POV: William Keylor on What History Says about Obama’s Syrian Dilemma
Should we follow the path of Bush I in 1990, or Clinton in 1999?
“POV,” a new addition to BU Today, is an opinion page that provides timely commentaries from students, faculty, and staff on a variety of issues: on-campus, local, state, national, or international. Anyone interested in submitting a piece, which should be about 700 words long, should contact Rich Barlow at email@example.com.
On the eve of what appears to be a robust military action against the Syrian regime in retaliation for its alleged use of chemical weapons against its own civilian population, a brief review of historical precedents may be in order.
Chemical warfare is nothing new in the modern world. Both sides employed a variety of toxic chemicals during World War I, causing hundreds of thousands of casualties. No one raised serious objections to their use. Despite the Geneva Protocol of 1925 prohibiting chemical warfare, Italy used poison gas against Ethiopia in the mid-1930s and Japan used it against China during the Second World War. Again, no expressions of outrage from the international community. More recently, Iraq used mustard gas and nerve agents against Iranian soldiers and against its own civilian Kurdish population during the Iran-Iraq War of 1982 to 1988. Since the United States was supporting Iraq in that war, the Reagan administration did not utter a peep in protest against this blatant violation of “international norms.”
US and Israeli intelligence has reputedly obtained evidence of the use of poison gas by the Syrian military against civilians near Damascus. This situation presents the Obama administration with a formidable challenge that calls to mind more recent historical precedents. Should Washington await the report of the UN inspection team currently in Syria, which will presumably confirm the use of poison gas by the Assad regime? Should it then take the matter to the UN Security Council and introduce a resolution authorizing a military response? With such an appeal to the Security Council, Obama would be following in the footsteps of President George H. W. Bush, who won the Council’s authorization—supported even by Iraq’s longtime ally, the Soviet Union—for the use of force to expel Iraq from Kuwait in 1990 and 1991. Such an approach would be just the opposite of the 2002–2003 policy of President George W. Bush, who initiated unilateral action against Iraq after failing to win Security Council approbation in the face of a veto threat from France. (Had Washington awaited the findings of the UN inspection team that was then in Iraq investigating Saddam Hussein’s alleged possession of weapons of mass destruction, the loss of many lives and billions of dollars might have been prevented. But Bush II decided to act because of the reputed imminent threat to the security of the United States, and Congress and public opinion backed him up.)
It would be difficult to demonstrate that the use of chemical weapons by the Assad regime poses a direct threat to American security. The argument for military action is a purely humanitarian one. The opponents of the former alternative of patient diplomacy clamor for the prompt use of American military power, represented by American destroyers in the eastern Mediterranean armed with Tomahawk cruise missiles, to attack Syria’s “command and control” in order to punish the perpetrators of this humanitarian catastrophe and deter them from ever doing it again. Even assuming a guilty verdict by the UN inspectors, they argue, the Russian veto would prevent the UN Security Council from authorizing collective action. In the absence of a prompt and robust response, they warn, the credibility of the international norm prohibiting chemical warfare would be severely undermined. Such inaction would perhaps embolden Assad to resume such attacks and encourage other states to follow Syria’s successful example.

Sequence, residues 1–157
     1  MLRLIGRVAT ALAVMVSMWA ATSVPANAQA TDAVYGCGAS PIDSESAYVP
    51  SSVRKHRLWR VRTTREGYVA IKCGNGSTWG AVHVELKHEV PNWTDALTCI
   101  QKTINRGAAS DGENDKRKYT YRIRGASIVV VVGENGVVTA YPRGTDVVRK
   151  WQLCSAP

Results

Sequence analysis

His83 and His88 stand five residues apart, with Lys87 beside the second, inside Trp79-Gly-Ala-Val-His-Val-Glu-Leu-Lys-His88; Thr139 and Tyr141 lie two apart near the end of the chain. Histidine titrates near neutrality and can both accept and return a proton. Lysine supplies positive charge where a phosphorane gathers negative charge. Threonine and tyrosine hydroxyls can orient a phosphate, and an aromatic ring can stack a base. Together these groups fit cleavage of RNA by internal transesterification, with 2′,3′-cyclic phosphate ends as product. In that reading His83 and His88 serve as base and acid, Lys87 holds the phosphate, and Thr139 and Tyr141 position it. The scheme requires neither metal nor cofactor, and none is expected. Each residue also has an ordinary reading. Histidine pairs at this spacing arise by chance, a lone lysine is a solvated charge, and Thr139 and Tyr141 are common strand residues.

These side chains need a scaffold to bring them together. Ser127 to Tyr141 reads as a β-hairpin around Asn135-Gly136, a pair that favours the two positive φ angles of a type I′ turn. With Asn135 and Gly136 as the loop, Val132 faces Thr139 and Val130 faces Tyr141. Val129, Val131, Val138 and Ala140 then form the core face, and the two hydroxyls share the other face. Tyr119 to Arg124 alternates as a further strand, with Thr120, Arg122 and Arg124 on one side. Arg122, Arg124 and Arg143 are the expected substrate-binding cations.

The historical precedent supporting this call for unilateral action is the aerial war against Serbia in 1999 in response to the ethnic cleansing of that country’s Muslim minority in the province of Kosovo. Serbia then, like Syria now, could count on its Russian ally to veto a resolution authorizing collective action in the Security Council. The Clinton administration thereupon circumvented the UN by assembling a “coalition of the willing” (including mainly America’s two NATO allies Britain and France) to mount air attacks that resulted in not a single American casualty, but forced the Serbian regime to halt its maltreatment of the Kosovars.
So, is it to be Bush I in 1990 and 1991, or Clinton in 1999? Go it alone, with a small coalition of like-minded allies? Or engage in the tedious, time-consuming process of international diplomacy to mobilize the international community in support of collective action. If the UN inspectors confirm the Assad regime’s responsibility for the horrendous chemical attack and Russia blocks a Security Council resolution authorizing collective action, President Obama would be in a much stronger position to take military action. Having made a good-faith, but abortive effort to emulate George H. W. Bush, the way would be clear to adopt the Bill Clinton approach to an earlier humanitarian disaster. But to do so he must await absolutely irrefutable confirmation of Assad’s responsibility for the attacks, or he runs the risk of replicating the disastrous precedent of George W. Bush.9 Comments